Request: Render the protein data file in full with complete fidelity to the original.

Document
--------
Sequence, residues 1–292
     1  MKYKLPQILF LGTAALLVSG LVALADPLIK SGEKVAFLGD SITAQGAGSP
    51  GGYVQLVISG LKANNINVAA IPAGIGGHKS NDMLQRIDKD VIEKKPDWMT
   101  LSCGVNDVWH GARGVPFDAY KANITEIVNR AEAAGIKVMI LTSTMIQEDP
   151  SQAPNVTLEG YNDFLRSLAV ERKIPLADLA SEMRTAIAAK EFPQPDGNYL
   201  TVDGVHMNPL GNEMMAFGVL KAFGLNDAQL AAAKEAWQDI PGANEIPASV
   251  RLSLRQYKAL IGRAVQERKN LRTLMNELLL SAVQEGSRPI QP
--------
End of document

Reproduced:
Sequence, residues 1–292
     1  MKYKLPQILF LGTAALLVSG LVALADPLIK SGEKVAFLGD SITAQGAGSP
    51  GGYVQLVISG LKANNINVAA IPAGIGGHKS NDMLQRIDKD VIEKKPDWMT
   101  LSCGVNDVWH GARGVPFDAY KANITEIVNR AEAAGIKVMI LTSTMIQEDP
   151  SQAPNVTLEG YNDFLRSLAV ERKIPLADLA SEMRTAIAAK EFPQPDGNYL
   201  TVDGVHMNPL GNEMMAFGVL KAFGLNDAQL AAAKEAWQDI PGANEIPASV
   251  RLSLRQYKAL IGRAVQERKN LRTLMNELLL SAVQEGSRPI QP